A Parent’s Guide to Cyberbullying
Written by Deb Cockerton
The schoolyard bully has a new, and more powerful, venue.
As she heads up the aisle to her seat in math class, Lisa hears some snickering comments behind her. She turns her head and sees Janelle pointing and laughing at her. “Did I sit on something at lunch,” she wonders, glancing down at her jeans. Then she overhears someone else say, “I can’t believe she did that – what a skank!” Lisa has no clue what’s going on ‘til she meets up with her best friend Cathy in the library. “That was quite the blog you put online last night,” says Cathy.
Lisa finds out that someone using her name has boasted online about partying with three of the high school football team members, providing details about the sexual acts performed. Devastated, Lisa leaves the library and now notices everyone looking at her, sneering and laughing. She heads home in tears and vows never to return to school again.
Lisa’s story may be shocking but it is not unique. It is, unfortunately, a prime example of the type of bullying that goes on today in the cyber world. In classrooms of the past, notes were passed, folded in a secret way to hide the contents, or were rolled up in a tube inside a pen to forgo detection. Today, kids who are intent on bullying resort to using all of the technology at their disposal, including email, cell phones, text messages, and websites, to threaten, harass, embarrass, socially exclude, or damage reputations and friendships. It’s called cyberbullying.
Using computers and cell phones, cyberbullies can transmit negative messages about someone across a vast network. With camera phones, they can send embarrassing pictures instantly to an array of people. They can set up web pages designed to trash someone’s reputation – without the person being aware of it. For example, some bullies set up, “We hate you” websites with pictures of the target. Peers are invited to post comments – usually negative. Eventually someone will let the target know that the website exists, to further his humiliation.
While social bullying in the schoolyard has long been associated with girls, just as many boys as girls participate in online bullying. Many of these kids admit that they do or say things online that they would not do face to face because they feel anonymous in the cyber world.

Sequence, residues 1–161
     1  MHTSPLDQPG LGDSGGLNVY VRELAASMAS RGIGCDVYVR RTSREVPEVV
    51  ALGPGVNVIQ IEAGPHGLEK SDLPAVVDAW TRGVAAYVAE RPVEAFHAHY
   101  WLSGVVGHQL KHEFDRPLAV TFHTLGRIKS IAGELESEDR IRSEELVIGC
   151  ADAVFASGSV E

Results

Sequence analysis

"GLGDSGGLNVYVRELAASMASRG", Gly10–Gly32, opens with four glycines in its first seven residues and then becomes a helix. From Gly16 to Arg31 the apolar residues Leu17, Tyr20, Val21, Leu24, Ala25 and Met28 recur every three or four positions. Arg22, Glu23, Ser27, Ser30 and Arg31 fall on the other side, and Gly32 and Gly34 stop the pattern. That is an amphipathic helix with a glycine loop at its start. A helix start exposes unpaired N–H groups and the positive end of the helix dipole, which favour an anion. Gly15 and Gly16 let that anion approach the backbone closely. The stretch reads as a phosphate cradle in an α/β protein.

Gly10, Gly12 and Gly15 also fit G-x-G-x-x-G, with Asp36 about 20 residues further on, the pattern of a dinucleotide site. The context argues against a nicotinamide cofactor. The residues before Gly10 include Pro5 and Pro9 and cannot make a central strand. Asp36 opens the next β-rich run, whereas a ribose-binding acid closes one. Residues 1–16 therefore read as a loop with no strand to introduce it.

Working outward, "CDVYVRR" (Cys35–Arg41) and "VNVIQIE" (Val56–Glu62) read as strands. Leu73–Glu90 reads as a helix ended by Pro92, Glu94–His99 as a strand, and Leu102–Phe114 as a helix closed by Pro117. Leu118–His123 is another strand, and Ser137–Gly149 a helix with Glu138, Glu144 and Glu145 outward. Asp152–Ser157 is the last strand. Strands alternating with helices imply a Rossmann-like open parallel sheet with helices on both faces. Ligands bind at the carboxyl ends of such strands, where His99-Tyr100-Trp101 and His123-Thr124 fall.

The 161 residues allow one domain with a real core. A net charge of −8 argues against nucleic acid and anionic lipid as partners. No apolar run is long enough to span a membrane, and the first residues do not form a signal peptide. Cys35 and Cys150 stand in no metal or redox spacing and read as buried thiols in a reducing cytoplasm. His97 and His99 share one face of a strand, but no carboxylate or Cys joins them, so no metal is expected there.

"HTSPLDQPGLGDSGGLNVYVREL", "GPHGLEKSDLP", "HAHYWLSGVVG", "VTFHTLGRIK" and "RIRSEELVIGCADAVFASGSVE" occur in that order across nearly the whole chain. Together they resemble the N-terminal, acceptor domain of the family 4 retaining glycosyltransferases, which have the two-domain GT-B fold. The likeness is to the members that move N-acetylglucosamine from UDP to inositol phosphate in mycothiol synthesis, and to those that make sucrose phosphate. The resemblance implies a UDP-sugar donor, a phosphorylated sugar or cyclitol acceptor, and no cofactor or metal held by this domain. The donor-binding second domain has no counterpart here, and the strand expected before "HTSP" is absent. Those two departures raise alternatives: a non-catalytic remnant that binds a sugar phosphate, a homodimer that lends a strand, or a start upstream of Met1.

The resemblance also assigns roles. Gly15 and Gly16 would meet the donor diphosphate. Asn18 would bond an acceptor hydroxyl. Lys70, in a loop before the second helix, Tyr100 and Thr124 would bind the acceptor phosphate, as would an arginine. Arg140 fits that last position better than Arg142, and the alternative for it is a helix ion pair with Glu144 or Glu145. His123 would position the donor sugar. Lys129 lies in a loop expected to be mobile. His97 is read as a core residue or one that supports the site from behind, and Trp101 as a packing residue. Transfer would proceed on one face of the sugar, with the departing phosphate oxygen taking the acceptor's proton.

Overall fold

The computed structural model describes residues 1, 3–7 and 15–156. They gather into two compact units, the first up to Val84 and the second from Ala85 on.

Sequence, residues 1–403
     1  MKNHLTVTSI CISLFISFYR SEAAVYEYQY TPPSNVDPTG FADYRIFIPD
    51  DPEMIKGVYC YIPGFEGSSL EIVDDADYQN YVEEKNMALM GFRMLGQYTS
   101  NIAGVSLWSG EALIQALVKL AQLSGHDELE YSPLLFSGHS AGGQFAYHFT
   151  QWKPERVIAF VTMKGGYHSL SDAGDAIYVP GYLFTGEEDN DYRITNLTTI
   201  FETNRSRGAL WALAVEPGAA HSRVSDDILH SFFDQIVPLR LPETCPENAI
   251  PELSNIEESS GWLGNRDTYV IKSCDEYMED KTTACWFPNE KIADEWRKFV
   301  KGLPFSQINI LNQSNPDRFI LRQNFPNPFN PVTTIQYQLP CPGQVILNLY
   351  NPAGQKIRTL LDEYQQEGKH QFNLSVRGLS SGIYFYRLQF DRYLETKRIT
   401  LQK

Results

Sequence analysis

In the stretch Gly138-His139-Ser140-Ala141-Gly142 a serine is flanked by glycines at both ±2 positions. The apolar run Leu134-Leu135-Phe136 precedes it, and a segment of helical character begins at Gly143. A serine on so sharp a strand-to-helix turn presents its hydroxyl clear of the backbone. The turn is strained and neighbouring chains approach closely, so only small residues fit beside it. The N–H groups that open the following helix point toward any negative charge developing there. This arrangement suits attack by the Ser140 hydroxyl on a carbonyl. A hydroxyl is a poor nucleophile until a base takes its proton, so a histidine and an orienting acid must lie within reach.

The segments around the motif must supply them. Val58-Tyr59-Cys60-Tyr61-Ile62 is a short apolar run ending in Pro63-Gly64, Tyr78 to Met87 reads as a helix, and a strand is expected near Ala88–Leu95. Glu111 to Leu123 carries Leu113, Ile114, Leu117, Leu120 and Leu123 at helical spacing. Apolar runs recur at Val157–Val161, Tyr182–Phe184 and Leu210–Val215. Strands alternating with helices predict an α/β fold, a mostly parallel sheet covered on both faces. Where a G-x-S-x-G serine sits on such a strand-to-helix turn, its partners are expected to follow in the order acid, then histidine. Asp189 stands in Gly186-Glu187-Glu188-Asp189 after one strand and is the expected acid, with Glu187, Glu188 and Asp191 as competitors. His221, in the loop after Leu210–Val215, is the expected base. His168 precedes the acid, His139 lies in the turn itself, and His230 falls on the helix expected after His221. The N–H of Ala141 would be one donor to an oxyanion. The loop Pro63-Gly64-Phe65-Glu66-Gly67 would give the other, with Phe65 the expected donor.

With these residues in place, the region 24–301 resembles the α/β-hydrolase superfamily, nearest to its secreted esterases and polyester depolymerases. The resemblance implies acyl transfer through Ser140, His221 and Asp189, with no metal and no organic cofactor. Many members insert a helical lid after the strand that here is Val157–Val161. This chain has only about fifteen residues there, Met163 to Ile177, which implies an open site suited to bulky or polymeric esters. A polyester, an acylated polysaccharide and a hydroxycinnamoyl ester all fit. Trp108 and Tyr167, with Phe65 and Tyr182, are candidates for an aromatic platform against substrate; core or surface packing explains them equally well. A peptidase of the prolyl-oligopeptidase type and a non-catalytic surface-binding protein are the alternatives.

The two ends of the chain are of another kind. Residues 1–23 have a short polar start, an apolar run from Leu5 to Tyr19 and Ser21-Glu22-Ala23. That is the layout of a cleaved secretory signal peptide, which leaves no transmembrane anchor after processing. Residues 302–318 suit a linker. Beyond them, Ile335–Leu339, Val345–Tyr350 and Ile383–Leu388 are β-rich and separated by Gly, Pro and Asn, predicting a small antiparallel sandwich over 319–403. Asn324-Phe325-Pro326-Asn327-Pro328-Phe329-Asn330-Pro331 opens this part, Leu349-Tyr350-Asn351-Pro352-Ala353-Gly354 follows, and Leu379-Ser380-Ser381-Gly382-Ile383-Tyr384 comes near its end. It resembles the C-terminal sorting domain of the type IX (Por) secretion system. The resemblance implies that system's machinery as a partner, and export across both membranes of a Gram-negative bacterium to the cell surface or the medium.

How rampant is cyberbullying? According to a Microsoft Canada and Youthography Internet Safety Survey carried out in January 2009, 40 per cent of kids surveyed had been cyberbullied. Of those, 43% were female and 38% were male. The survey found that teens were much more likely than tweens to be cyberbullied (51% vs. 23%). These statistics also reveal that cyberbullying is on the rise.
The role of the bystander
Just as there are “bystanders” in face-to-face bullying, there are also bystanders in cyberbullying. In “real life”, the bystander is afraid to stand up to the bully and by his silence allows the bullying to continue. In the cyber world, bystanders are those that further the reach of the cyberbully by passing on text messages, forwarding links to sites, or posting messages on blog sites that are intended to harm someone.
Peer pressure is clearly at work in the genre of cyberbullying just as it is in real life bullying. But since the cyber world is in some ways endless, the amount of harm that can be done to a child by cyberbullying is magnified greatly.
The upside of technology
Communication technology is not bad in itself. Kids count on it to connect with the world in many positive ways. Kids use technology to do research for class, download music and movies, bid online for auction items (e-bay), catch up on the television shows they’ve missed, connect with classmates and a host of other things.